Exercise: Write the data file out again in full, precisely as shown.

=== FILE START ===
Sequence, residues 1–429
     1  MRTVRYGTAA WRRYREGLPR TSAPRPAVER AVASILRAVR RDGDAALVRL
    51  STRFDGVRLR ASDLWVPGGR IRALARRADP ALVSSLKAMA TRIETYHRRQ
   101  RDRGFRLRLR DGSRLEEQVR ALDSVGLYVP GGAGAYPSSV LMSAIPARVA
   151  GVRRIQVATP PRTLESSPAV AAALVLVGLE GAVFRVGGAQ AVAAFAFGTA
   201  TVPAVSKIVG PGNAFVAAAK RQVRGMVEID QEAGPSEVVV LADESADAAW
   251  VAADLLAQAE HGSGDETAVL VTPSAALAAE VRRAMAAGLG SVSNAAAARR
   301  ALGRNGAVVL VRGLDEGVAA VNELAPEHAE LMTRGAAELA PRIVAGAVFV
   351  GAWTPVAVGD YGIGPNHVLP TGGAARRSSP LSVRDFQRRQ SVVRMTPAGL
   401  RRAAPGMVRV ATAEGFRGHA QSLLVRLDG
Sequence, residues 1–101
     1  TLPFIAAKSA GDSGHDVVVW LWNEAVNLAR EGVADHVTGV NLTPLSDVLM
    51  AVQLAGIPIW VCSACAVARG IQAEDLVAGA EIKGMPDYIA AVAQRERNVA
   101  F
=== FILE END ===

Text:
Sequence, residues 1–429
     1  MRTVRYGTAA WRRYREGLPR TSAPRPAVER AVASILRAVR RDGDAALVRL
    51  STRFDGVRLR ASDLWVPGGR IRALARRADP ALVSSLKAMA TRIETYHRRQ
   101  RDRGFRLRLR DGSRLEEQVR ALDSVGLYVP GGAGAYPSSV LMSAIPARVA
   151  GVRRIQVATP PRTLESSPAV AAALVLVGLE GAVFRVGGAQ AVAAFAFGTA
   201  TVPAVSKIVG PGNAFVAAAK RQVRGMVEID QEAGPSEVVV LADESADAAW
   251  VAADLLAQAE HGSGDETAVL VTPSAALAAE VRRAMAAGLG SVSNAAAARR
   301  ALGRNGAVVL VRGLDEGVAA VNELAPEHAE LMTRGAAELA PRIVAGAVFV
   351  GAWTPVAVGD YGIGPNHVLP TGGAARRSSP LSVRDFQRRQ SVVRMTPAGL
   401  RRAAPGMVRV ATAEGFRGHA QSLLVRLDG
Sequence, residues 1–101
     1  TLPFIAAKSA GDSGHDVVVW LWNEAVNLAR EGVADHVTGV NLTPLSDVLM
    51  AVQLAGIPIW VCSACAVARG IQAEDLVAGA EIKGMPDYIA AVAQRERNVA
   101  F